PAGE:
cruise7[1]During my stay, I was asked to provide a seminar to the industry, which contained a mixture of sport officials, government officials, and business people. I decided to compile a lecture on sport for health, and in my presentation I used both the United States and the Netherlands as benchmarks. I realized that I had been able to find a subject that I was uniquely qualified to study. I had in-depth knowledge of both nations and the subject of sport itself. It reminded me: remain true to the self. The presentation was a success, and afterwards the Director of the National Institute for Sport and Movement and the secretary of the NOC approached me. Both women were excited by the presentation and gauged my interest in establishing a project to explore sport participation on the island. I realized that this was my ‘in’ and immediately set up meetings. I also was able to recruit a University of Aruba faculty member (Kimberly Greaux) to work with me on this, who was finishing her PhD in the Netherlands in Public Health.

cruise3[1]I spent the remainder of my time on the island meeting people, and I was glad I did. Everybody was excited about doing a baseline measure study to sport participation, but nobody had money to pay for it. The estimated budget forecasted about $28,000 to do the study. Had I not met with everyone, this project would probably have died. Fortunately, one of my contacts was able to set up a meeting for me with the Minister of Health, Welfare and Sport, who had funding available (final tip: build a solid foundation of stakeholders for your research project, you will need them). Six months later we received the money to start our project and have now collected over 1,000 surveys and conducted about 10 focus groups. We are excited to work with the government of Aruba on this, and we can’t wait to publish our results.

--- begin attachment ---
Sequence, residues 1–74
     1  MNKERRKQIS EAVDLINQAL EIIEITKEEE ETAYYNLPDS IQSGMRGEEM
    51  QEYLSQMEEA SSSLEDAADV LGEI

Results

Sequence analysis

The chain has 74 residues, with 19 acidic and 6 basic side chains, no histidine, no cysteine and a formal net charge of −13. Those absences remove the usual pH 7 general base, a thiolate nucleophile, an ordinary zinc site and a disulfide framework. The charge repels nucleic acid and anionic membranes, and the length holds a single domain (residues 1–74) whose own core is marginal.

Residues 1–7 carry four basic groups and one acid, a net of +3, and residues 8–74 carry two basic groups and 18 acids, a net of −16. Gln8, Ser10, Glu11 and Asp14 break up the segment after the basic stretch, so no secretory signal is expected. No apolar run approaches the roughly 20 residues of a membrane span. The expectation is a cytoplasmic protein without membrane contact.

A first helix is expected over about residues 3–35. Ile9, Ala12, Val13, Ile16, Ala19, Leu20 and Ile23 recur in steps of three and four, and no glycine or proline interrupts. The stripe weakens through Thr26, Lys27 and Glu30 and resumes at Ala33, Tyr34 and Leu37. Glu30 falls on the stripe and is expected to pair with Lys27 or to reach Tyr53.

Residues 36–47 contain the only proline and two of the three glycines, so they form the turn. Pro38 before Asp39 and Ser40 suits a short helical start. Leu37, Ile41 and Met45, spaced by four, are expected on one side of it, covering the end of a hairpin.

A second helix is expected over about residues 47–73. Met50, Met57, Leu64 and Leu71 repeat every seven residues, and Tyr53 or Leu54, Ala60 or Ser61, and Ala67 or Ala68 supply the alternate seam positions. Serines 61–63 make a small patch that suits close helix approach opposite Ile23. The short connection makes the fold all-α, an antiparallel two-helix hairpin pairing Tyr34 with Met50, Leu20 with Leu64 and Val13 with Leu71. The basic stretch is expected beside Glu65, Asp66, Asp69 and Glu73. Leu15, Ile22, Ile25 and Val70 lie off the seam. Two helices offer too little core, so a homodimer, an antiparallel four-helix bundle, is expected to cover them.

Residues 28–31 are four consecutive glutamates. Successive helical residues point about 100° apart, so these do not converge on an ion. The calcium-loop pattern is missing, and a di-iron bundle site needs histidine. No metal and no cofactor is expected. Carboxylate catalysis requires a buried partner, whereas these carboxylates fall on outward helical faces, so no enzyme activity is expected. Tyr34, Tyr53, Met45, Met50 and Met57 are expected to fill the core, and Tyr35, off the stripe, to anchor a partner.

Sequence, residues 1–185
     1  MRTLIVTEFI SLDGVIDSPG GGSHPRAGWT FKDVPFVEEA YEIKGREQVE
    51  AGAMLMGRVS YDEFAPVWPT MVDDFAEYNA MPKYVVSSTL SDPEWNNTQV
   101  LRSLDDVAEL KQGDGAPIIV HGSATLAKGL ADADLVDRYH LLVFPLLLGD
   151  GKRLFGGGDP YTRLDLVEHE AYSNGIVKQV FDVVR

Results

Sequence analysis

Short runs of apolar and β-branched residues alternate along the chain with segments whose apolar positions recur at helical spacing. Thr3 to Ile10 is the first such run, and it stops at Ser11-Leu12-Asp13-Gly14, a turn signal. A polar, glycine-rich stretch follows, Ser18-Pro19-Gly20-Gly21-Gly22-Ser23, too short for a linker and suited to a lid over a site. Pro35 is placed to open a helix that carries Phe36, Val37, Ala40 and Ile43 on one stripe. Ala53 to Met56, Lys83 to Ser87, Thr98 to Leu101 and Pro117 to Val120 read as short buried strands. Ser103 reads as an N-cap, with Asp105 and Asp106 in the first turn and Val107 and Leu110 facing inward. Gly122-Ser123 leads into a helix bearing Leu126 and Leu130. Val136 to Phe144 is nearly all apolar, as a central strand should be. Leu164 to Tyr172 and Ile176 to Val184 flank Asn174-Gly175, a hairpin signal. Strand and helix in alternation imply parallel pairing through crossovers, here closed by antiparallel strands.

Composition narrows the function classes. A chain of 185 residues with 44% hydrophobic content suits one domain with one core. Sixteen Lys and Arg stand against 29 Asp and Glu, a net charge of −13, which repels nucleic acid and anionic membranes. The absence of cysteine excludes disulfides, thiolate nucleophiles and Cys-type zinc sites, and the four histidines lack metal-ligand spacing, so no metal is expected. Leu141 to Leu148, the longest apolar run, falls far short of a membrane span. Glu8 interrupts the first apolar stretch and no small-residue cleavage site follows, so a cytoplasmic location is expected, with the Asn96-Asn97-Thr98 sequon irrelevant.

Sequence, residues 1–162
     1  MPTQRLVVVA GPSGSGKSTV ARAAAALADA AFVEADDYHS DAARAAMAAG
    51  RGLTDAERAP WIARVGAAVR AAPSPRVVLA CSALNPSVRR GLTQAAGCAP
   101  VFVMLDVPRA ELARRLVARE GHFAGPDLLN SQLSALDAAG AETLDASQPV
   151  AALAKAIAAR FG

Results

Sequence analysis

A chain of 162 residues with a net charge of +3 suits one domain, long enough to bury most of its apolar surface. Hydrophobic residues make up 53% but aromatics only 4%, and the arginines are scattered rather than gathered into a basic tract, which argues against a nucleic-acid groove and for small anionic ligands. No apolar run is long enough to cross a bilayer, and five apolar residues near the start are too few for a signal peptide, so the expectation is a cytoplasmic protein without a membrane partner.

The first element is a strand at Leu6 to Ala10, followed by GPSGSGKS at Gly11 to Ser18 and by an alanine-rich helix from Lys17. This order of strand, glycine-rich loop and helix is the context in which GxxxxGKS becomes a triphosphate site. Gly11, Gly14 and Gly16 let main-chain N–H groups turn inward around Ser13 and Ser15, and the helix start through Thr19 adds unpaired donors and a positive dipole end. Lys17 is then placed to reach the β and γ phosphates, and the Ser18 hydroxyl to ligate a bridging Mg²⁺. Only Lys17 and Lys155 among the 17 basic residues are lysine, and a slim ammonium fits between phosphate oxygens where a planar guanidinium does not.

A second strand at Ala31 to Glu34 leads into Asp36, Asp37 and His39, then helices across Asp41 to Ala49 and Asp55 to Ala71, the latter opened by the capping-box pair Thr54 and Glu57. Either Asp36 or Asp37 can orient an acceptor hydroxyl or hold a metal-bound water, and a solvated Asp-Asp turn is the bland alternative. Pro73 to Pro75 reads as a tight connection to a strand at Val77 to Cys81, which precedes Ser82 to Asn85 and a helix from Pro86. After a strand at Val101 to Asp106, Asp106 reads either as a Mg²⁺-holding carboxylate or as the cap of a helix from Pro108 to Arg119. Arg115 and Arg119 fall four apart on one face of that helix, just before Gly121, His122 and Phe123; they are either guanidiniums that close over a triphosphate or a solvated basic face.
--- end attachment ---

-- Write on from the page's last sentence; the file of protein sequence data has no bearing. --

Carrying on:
What makes a successful golf management university program?

By Matthew Walker, Ph.D.
Texas A&M University